The decline of the 30-year mortgage interest rate to 3.75 percent has been the equivalent of a 15 percent increase in buying power for prospective homeowners, according to new data from Black Knight Inc.
As a result of the lower mortgage interest rate, the share of the median monthly income needed to make principal and interest payments on the average home fell in July to 21.3 percent, the lowest level in 18 months. Although the average home price is up by more than $12,000 since November, the lower fixed interest rates have the effect of an $108 monthly payment cut on the average home purchased with a 20 percent down payment.
“For much of the past year and a half, affordability pressures have put a damper on home price appreciation,” said Black Knight Data & Analytics President Ben Graboske. “Indeed, the rate of annual home price growth has declined for 15 consecutive months. More recently, declining 30-year fixed interest rates have helped to ease some of those pressures, improving the affordability outlook considerably. In November 2018–when rising interest rates hit a seven-year high and home price growth fell by half a percent in a single month–it took 23.3 percent of the median household income to make the principal and interest payments when purchasing the average-priced home.”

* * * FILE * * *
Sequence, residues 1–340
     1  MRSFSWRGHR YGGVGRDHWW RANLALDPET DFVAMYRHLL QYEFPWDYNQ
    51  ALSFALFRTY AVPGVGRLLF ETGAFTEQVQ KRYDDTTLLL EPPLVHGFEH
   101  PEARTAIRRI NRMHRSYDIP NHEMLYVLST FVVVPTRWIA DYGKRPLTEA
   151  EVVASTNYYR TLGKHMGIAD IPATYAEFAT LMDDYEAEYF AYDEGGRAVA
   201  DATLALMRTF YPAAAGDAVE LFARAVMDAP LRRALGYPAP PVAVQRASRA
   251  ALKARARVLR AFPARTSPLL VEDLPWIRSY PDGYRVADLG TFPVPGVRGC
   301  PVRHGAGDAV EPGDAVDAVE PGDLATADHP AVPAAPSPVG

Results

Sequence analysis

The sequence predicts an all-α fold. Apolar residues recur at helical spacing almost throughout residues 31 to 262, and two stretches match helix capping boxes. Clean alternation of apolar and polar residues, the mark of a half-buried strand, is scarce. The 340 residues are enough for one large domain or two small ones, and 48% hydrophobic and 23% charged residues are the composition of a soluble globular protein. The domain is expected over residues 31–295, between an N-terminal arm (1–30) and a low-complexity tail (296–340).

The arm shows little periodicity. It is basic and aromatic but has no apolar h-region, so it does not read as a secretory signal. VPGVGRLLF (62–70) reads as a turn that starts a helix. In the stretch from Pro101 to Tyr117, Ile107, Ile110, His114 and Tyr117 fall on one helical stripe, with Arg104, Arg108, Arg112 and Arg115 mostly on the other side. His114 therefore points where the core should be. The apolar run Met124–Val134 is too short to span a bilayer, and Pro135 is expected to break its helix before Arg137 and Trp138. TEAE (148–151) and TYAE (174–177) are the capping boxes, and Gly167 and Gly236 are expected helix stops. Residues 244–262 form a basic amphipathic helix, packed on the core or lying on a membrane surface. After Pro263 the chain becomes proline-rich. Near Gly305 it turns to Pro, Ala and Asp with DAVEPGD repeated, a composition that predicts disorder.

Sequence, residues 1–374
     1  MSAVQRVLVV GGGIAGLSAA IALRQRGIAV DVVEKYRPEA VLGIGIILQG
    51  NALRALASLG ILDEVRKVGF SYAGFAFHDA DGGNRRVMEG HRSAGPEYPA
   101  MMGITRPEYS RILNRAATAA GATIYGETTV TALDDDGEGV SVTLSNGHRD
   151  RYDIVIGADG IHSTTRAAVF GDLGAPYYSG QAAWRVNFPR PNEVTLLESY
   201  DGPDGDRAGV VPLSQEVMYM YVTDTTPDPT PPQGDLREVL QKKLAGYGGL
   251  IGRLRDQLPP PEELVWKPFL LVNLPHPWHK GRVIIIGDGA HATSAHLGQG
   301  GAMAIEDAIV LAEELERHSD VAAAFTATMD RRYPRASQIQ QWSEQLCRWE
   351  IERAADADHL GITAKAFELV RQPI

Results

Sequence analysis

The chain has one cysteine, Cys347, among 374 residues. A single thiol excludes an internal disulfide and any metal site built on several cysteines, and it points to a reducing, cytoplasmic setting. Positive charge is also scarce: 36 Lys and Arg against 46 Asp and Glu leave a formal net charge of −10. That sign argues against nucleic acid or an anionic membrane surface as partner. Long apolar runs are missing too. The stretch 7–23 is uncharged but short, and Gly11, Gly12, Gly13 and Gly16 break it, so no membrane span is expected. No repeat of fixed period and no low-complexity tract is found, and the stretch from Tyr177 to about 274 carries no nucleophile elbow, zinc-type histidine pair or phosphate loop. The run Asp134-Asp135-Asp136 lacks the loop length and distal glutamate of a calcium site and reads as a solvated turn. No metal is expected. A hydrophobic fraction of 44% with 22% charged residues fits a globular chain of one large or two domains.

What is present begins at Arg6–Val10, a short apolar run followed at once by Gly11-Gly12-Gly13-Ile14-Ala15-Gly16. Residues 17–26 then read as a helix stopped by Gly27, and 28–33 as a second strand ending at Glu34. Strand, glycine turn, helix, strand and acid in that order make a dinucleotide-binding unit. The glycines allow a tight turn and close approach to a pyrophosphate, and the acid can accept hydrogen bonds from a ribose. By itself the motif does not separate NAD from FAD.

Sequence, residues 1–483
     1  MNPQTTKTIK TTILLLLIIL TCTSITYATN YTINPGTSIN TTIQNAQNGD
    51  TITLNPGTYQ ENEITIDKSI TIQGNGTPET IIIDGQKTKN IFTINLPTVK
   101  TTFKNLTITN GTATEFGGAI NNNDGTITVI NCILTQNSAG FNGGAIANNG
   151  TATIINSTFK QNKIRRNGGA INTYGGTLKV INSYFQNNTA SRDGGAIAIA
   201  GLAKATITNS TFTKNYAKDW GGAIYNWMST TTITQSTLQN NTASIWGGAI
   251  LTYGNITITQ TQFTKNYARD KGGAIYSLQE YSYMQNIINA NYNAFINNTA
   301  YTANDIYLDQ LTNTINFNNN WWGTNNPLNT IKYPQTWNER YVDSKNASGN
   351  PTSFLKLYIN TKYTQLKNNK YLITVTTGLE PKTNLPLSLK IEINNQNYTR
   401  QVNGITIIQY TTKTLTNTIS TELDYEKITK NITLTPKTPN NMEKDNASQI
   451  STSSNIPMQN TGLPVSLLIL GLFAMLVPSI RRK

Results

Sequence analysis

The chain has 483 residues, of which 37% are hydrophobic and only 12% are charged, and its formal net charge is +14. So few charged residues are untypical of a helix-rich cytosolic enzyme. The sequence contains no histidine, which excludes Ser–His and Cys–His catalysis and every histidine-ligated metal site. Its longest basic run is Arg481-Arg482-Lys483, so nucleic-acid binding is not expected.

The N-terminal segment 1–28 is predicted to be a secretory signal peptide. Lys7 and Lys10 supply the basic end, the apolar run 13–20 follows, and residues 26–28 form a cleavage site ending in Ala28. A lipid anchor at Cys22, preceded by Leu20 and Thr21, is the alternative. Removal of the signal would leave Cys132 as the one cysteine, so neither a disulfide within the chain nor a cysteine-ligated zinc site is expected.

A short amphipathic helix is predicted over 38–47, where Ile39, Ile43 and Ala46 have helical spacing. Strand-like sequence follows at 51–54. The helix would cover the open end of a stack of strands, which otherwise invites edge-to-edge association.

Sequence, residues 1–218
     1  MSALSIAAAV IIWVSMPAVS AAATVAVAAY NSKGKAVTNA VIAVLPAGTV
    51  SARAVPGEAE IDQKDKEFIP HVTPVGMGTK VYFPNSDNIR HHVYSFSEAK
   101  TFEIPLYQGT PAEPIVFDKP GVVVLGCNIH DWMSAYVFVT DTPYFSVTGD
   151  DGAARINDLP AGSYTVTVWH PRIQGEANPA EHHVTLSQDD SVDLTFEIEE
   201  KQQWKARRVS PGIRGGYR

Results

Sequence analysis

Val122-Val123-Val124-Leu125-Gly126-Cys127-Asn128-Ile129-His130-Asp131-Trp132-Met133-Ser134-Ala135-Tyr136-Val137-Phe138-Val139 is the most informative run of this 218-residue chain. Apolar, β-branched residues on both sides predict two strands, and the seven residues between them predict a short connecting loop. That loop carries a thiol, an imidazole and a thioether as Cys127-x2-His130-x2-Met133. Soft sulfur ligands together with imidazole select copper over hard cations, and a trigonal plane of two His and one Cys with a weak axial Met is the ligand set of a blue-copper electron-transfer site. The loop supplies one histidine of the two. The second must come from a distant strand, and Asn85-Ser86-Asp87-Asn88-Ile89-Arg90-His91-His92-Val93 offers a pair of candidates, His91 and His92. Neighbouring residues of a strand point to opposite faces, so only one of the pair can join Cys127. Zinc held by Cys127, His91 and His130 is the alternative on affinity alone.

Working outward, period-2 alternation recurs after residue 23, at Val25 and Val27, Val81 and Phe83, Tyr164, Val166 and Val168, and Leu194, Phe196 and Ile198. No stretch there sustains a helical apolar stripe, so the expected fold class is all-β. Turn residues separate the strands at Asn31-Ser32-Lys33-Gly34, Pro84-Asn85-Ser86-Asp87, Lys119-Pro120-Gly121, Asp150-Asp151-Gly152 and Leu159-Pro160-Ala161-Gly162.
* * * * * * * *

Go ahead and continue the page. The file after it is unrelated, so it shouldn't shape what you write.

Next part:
Graboske added that even the most expensive West Coast markets are becoming more affordable.
“While prices in Los Angeles, San Francisco, San Diego and Seattle have all risen by 1.1 percent or less over the past 12 months, the rates at which they're slowing have begun to taper,” he continued. “Even in San Jose, where home prices are down by more than six percent from June 2018, the rate of decline has begun to flatten. These are all good signs, given these markets’ sharp reaction to rising rates and tightening affordability in late 2018.”